JBT also notes that credit ratings rose for 2,151 companies (down by 105) and fell for 3,184 (down by 247) from 1994. The number of claims totaled 4,817 (down by 138), and the average claim was $3,156 (down $44).


Source:Jewelers Board of Trade
’90 ’91 ’92 ’93 ’94 ’95
Retailers 133 133 136 146 122 118
Wholesalers 38 47 49 37 33 39
Manufacturers 25 32 36 28 28 28
Total 196 212 221 211 183 185
Retailers 196 209 166 201 184 166
Wholesalers 15 23 11 8 10 11
Manufacturers 26 30 23 15 15 5
Total 237 262 200 224 209 182
North Central
Retailers 86 71 81 108 75 90
Wholesalers 7 5 3 4 2 4
Manufacturers 12 15 15 8 8 10
Total 105 91 99 120 85 104
South Central
Retailers 85 72 63 88 92 70
Wholesalers 9 16 8 14 7 7
Manufacturers 16 13 9 18 15 11
Total 110 101 80 120 114 88
Retailers 21 28 18 28 24 21
Wholesalers 2 4 2 1 0 2
Manufacturers 7 7 3 2 6 4
Total 30 39 23 31 30 27
Retailers 72 77 70 55 58 64
Wholesalers 18 16 15 18 20 4
Manufacturers 26 14 23 18 21 8
Total 116 107 108 91 99 76
Total U.S.
Retailers 593 590 534 626 555 529
Wholesalers 89 111 88 82 72 67
Manufacturers 112 111 109 89 93 66
Total 794 812 731 797 720 662


Retail experts have warned for several years the U.S. has more shopping malls than shoppers to support them. To varying degrees, most malls already face problems with vacancies.

But this problem of “overstoring” hasn’t stopped ambitious renovations and expansions of some of the nation’s premier regional and super-regional malls. In fact, these malls may see renovation and expansion as the best weapons in their battle to win shoppers away from other malls, says Women’s Wear Daily. What’s more, these malls are looking upscale to attract shoppers away from high-end downtown markets.

The Plaza and Court at King of Prussia in King of Prussia, Pa., is a notable example. In November, the mall formally opened a whole new section of stores – many of them upscale – after renovating the old section the previous year. And this spring, upscale Neiman Marcus and Nordstrom will open their doors, making the King of Prussia complex the second-largest mall in the U.S. in terms of retail space.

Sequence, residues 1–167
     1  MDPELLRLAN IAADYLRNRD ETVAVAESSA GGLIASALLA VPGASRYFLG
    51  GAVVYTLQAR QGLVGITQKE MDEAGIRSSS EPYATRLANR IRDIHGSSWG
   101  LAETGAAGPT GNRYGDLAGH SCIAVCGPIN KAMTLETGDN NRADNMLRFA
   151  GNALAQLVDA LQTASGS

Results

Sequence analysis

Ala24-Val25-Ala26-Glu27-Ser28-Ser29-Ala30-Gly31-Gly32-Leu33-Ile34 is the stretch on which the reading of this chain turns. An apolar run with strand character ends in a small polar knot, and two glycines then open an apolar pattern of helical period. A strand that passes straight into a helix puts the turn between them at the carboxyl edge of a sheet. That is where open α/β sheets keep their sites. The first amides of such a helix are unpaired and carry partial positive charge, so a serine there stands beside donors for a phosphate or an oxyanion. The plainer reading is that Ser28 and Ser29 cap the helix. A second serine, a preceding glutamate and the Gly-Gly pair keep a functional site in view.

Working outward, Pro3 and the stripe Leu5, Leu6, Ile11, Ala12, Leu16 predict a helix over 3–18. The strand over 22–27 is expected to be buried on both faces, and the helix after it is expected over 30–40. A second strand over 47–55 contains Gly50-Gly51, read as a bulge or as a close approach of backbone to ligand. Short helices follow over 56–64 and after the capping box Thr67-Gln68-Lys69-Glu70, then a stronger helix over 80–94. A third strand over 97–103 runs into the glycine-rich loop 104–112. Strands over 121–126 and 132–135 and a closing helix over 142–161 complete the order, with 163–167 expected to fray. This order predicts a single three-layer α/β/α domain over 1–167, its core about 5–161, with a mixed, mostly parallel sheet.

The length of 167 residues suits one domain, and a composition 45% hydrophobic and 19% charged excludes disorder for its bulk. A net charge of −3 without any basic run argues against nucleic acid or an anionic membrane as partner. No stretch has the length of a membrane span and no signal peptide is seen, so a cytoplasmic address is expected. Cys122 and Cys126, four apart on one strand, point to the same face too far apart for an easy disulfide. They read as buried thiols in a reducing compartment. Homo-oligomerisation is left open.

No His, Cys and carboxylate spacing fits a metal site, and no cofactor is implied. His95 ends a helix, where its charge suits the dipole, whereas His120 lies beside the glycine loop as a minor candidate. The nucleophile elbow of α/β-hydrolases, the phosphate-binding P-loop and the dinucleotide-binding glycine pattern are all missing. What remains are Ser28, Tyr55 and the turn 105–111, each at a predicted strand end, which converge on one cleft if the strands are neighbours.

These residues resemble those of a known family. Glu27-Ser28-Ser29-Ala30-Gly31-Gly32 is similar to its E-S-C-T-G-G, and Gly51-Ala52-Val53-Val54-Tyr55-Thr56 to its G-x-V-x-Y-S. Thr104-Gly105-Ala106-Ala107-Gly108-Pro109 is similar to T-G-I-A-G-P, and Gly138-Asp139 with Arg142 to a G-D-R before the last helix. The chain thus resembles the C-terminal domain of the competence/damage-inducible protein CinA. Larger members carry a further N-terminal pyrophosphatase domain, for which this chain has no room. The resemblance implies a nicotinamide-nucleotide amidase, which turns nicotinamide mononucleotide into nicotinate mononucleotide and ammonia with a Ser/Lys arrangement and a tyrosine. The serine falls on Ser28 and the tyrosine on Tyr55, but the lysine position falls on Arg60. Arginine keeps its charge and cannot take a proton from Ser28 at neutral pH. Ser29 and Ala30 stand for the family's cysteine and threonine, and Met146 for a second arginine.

Neiman Marcus, Nordstrom and Saks Fifth Avenue also opened new stores in Short Hills, N.J., which has one of the nation’s toniest shopping plazas. Elsewhere, renovations and additions are under way at upscale centers such as Lenox Square in Atlanta, Ga., and Roosevelt Field in Long Island, N.Y.

Why expand a mall and offer more expensive merchandise in such a tough economic environment? Mall developers say malls with more upscale demographics and larger drawing areas offer consumers what they can’t find in smaller and less upscale shopping areas: wider selection.

Developers also hope the new stores will pull in shoppers who will end up buying in middle-market stores that have had disappointing sales in the past few years.

At this moment, which one of these candidates would you vote for in November to be president of the U.S.?

Bob Dole (R) 27% of votes
Steve Forbes (R) 22% of votes
Bill Clinton (D) 19% of votes


Source: JCK Retail Jewelers Panel, January 1996
Phil Gramm (R) 7%
Lamar Alexander (R) 3%
Patrick Buchanan (R) 1%
Richard Lugar (R) 1%
Maurice M. Taylor (R) 1%
Robert Dornan (R) 0%
Alan Keyes (R) 0%
Lyndon LaRouche (I) 0%
Other 4%
None 4%
Uncertain 1%
No Answer 10%